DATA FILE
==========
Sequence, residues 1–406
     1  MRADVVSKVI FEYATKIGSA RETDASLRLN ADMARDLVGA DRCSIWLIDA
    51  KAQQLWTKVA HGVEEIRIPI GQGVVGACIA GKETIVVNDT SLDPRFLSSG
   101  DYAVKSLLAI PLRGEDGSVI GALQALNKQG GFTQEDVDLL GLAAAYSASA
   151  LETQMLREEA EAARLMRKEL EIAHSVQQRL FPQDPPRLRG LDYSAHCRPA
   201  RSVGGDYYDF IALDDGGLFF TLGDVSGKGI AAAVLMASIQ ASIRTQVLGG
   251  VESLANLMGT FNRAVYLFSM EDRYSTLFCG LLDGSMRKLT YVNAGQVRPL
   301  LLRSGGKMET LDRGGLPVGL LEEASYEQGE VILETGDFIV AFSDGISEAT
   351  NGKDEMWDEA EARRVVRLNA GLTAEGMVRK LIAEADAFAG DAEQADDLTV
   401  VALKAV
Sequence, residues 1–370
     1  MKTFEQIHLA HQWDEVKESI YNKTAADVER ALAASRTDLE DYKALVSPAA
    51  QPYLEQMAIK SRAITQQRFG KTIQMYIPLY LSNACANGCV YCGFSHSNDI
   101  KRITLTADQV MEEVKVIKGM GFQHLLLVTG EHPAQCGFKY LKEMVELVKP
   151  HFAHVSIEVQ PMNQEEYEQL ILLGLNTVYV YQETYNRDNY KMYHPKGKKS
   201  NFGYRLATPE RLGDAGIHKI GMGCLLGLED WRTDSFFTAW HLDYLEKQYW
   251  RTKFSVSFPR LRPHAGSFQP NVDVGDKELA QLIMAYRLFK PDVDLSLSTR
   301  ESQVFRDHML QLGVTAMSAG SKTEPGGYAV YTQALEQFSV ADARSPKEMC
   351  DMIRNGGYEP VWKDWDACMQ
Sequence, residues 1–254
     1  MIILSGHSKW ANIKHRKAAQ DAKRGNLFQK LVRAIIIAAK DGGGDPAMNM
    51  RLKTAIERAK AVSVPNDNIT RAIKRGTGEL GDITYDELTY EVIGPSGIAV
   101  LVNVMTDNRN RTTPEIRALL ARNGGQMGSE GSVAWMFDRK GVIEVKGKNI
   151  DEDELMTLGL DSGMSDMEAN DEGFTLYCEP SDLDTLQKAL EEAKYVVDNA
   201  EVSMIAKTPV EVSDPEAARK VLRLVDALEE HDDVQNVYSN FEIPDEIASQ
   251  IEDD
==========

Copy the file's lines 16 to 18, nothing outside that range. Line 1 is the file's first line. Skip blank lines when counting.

   201  NFGYRLATPE RLGDAGIHKI GMGCLLGLED WRTDSFFTAW HLDYLEKQYW
   251  RTKFSVSFPR LRPHAGSFQP NVDVGDKELA QLIMAYRLFK PDVDLSLSTR
   301  ESQVFRDHML QLGVTAMSAG SKTEPGGYAV YTQALEQFSV ADARSPKEMC